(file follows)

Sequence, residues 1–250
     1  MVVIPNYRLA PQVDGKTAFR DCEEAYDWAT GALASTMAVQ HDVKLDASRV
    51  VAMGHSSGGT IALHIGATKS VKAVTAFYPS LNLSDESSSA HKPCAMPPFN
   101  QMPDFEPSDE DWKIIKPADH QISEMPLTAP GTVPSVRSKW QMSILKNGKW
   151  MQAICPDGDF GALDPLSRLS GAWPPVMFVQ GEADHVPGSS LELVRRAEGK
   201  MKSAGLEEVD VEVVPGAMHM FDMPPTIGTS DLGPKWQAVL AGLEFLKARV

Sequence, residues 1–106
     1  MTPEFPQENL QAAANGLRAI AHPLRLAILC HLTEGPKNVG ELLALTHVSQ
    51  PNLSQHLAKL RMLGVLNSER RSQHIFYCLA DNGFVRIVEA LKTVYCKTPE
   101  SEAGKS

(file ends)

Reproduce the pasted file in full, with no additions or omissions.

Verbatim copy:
Sequence, residues 1–250
     1  MVVIPNYRLA PQVDGKTAFR DCEEAYDWAT GALASTMAVQ HDVKLDASRV
    51  VAMGHSSGGT IALHIGATKS VKAVTAFYPS LNLSDESSSA HKPCAMPPFN
   101  QMPDFEPSDE DWKIIKPADH QISEMPLTAP GTVPSVRSKW QMSILKNGKW
   151  MQAICPDGDF GALDPLSRLS GAWPPVMFVQ GEADHVPGSS LELVRRAEGK
   201  MKSAGLEEVD VEVVPGAMHM FDMPPTIGTS DLGPKWQAVL AGLEFLKARV

Sequence, residues 1–106
     1  MTPEFPQENL QAAANGLRAI AHPLRLAILC HLTEGPKNVG ELLALTHVSQ
    51  PNLSQHLAKL RMLGVLNSER RSQHIFYCLA DNGFVRIVEA LKTVYCKTPE
   101  SEAGKS